Keeping an Eye on Vision: Molecular Genetics and Evolution of Visual Pigment Proteins

Benedict Darren, Belinda Chang

Abstract


Vision is intimately related to the ability and means with which an organism interacts with its environment. On a molecular level, the absorption of photons by visual pigment complexes in the retina, known as opsins, initiates a downstream cascade which culminates in the sensory impulse signaling the perception of light. Resolution of the rhodopsin crystal structure and subsequent biochemical assays have revealed key residues essential to the basic function of these light-sensitive proteins. In recent years, a body of research has surmounted to fully catalog the range of spectral sensitivities observed in opsins across a variety of vertebrate taxa. This review addresses the fundamental molecular mechanisms of spectral tuning which have been uncovered by sequence analyses and mutagenesis studies. Moreover, the upstream forces which drive these shifts in sensitivity are considered, particularly spectral heterogeneity across space, and developmental changes across time. These insights into the molecular genetics and evolution of visual pigments constitute an improved understanding of a protein’s capacity to develop novel and specialized functions.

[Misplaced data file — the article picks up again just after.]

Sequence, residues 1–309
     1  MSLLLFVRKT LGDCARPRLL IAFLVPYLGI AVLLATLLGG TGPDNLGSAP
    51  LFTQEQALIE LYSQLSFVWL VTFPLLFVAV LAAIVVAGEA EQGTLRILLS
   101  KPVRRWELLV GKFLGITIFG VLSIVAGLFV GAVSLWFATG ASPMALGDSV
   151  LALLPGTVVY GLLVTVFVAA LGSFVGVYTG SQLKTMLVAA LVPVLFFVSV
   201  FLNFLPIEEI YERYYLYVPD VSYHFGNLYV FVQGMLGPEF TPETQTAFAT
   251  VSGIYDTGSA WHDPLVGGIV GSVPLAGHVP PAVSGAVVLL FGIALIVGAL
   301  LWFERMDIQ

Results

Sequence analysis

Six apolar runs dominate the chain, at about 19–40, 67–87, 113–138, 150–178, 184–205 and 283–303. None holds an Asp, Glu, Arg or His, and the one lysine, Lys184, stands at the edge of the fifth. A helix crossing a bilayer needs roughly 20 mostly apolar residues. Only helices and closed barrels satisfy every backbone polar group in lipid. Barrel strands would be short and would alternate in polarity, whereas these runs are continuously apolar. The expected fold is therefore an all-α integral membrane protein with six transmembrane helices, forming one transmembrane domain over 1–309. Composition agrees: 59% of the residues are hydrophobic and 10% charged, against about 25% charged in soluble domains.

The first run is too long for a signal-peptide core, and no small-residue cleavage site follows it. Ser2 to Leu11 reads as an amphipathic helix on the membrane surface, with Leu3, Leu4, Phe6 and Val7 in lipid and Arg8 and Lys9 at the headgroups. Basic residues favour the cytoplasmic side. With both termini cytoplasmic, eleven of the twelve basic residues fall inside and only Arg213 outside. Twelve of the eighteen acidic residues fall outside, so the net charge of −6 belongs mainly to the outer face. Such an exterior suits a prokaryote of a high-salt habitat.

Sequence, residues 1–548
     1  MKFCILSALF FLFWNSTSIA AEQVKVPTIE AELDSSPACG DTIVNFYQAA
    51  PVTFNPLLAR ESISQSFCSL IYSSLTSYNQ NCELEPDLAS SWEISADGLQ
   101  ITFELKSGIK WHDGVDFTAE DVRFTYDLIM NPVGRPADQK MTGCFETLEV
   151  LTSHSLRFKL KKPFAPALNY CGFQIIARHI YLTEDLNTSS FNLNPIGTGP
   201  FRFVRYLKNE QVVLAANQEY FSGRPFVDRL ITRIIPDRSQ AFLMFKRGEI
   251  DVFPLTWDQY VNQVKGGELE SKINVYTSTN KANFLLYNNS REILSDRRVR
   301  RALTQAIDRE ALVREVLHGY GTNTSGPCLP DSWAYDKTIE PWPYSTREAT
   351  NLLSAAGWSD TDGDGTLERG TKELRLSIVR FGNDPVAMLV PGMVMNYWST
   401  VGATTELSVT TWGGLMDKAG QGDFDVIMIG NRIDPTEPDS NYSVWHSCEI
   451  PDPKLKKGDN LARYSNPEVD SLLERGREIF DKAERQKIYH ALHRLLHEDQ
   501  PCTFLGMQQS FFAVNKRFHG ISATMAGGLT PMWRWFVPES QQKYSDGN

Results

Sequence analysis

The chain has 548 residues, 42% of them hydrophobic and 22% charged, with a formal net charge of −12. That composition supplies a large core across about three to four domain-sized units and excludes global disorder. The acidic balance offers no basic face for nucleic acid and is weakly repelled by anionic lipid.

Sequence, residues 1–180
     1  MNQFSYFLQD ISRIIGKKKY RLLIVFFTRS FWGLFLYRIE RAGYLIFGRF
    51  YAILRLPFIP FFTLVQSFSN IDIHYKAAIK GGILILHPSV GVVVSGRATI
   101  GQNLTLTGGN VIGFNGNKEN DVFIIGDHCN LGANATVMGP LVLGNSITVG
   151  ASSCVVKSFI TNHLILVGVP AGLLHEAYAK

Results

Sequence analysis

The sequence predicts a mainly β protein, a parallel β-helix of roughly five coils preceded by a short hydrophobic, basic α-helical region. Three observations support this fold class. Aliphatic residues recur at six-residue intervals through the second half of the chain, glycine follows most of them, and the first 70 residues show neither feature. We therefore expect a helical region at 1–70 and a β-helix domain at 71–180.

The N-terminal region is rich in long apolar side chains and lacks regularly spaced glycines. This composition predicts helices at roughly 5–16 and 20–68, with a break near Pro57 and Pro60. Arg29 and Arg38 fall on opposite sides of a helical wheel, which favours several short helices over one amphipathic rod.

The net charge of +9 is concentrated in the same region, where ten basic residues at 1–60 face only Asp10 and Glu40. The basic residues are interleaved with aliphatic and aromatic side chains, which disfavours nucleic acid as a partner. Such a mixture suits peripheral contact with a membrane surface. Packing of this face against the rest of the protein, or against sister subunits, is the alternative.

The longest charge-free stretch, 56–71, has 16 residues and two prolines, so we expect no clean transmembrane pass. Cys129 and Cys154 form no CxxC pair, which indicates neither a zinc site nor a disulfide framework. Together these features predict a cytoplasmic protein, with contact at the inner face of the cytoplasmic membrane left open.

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© University of Toronto Journal of Undergraduate Life Sciences.